Friday, February 8, 2013

The exact condition

 Today I'm beginning a series of five posts about something I've been studying for some time now.

What is the exact condition within and without?

Things are always in motion. I say this, and realize that it's an intellectual idea which I repeat and then presume I understand; I don't see that it remains in the intellectual mind as a theory.

 In point of actual fact, I participate in this constant movement within life — and I participate all the time. But the parts of me that sense it aren't generally present to it. If there is a real attention in me, it follows the movement; and it doesn't expect to hold on to a particular manifestation. The manifestation of attention, of consciousness — the manifestation of the inflow of the divine, energy from a higher level — must forever remain flexible and adopt to what is, now, not the preconceived understanding of how it "ought" to be. If there is no intimacy with the action, if nothing is present within it, the energy expresses itself, but it doesn't have the companion that ought to be there accompanying it.

I find it's possible to do many specific things that relate to having an attention in the body, and each one of them automatically helps me to be more present to the constant movement, both within and without, that defines what I call consciousness and what I call life. One is inner; the other one is outer. What is called the "Self" occupies the conjunction of these two forces. One could say it stands between them; but even that is inadequate. Perhaps one just says that it stands; and in that, one recognizes that it is vertical, that is, remains upright, touching both the inner and the outer world, yet not expecting to become identified with either one — which is so easy.

When one first contacts— or is contacted by— the inner world, and the flowers that can bloom within open their petals, this seems like everything. It's so extraordinary. Perhaps I begin to think that this is what everything is about; and yet, while all of this inner life and its quite extraordinary sensitivity and quality is now real, unless it is brought into relationship with the outer life, it becomes an infatuation — a new and perhaps even more intense way of becoming identified.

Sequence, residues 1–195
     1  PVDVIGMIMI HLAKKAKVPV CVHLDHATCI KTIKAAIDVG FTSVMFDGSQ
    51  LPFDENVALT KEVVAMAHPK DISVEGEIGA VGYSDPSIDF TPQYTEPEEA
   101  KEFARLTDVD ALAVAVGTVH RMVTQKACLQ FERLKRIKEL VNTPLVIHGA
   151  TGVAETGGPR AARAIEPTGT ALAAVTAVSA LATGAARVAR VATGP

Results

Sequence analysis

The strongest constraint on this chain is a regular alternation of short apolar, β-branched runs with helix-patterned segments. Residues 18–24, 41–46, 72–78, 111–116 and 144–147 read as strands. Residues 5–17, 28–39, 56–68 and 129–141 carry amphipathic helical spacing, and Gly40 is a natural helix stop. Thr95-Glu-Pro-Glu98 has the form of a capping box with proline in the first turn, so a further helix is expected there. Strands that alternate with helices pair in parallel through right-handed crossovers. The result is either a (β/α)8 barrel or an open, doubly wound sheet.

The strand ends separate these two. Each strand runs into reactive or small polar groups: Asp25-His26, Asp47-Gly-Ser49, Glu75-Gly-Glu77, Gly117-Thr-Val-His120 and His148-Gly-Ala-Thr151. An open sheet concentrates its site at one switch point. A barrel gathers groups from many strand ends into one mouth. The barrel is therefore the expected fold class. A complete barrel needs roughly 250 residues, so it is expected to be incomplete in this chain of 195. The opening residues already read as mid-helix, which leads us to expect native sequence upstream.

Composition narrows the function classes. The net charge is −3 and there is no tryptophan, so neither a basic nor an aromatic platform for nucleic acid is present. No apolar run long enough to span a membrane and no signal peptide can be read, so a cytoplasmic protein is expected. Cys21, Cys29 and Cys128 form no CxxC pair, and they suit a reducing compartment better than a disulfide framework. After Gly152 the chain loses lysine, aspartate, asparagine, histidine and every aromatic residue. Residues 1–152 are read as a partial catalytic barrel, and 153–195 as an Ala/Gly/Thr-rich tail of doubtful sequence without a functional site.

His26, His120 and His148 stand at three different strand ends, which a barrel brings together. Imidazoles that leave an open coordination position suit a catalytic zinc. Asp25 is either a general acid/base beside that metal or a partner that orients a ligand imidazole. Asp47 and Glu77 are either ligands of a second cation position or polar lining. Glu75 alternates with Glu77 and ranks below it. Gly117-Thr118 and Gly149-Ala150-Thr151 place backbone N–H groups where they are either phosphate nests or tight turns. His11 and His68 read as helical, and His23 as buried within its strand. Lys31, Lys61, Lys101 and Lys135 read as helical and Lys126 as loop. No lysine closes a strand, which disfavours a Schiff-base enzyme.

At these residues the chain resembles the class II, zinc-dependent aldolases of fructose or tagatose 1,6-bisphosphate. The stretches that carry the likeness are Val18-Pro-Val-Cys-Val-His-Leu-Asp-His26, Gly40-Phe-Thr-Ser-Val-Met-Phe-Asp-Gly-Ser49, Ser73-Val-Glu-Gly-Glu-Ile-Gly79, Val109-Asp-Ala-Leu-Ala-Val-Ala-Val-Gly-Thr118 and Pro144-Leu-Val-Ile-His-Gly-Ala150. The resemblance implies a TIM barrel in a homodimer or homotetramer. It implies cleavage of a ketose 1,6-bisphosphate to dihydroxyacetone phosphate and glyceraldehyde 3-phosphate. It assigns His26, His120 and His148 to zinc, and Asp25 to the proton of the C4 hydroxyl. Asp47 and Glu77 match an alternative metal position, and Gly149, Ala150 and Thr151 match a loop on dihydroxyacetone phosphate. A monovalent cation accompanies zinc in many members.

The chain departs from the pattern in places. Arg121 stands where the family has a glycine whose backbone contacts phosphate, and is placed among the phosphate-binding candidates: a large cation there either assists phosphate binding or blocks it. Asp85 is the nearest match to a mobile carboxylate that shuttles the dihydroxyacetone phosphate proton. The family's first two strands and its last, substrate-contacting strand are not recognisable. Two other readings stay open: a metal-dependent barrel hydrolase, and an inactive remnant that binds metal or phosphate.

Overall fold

I suppose it's a good thing, if one has to be identified, to be identified with the spiritual, rather than the material, yet there is a reason that the spiritual and material are meant to be in contact with one another. Inhabiting life is not just an option; it's a necessity, and only by exploring this question over and over again can I begin to get any inkling at all of why that might be so.

In the meantime, it's very difficult for me to avoid signing on to dogmas. Both sides attract; and each one encourages the parts of me that don't want things to be flexible or change to sign onto an agenda of one kind or another. These are all interferences from my ego; and they need to be kept clearly in sight, because either one may commit me to a course of action — whether inner or outer — that does not allow the flexibility of attention and consciousness to exercise itself in the type of sensitivity that is needed for what Gurdjieff called outer considering.

Perhaps even more difficult, there are many energies on larger scales and at higher levels than myself that affect my attitude and my condition. Tension, for example, between planets or the earth and the sun can create negativity in me that is so strong I'm completely unaware of it; the amount of force present in this kind of tension is completely self-justifying, and I go with it without any question. Only by developing a certain kind of countervailing force within, which is generally located within the abdomen — although this is probably too generalized description — can an anchor be created that prevents this force from taking me.

The next post will discuss this in a little more detail.

May your soul be filled with light.

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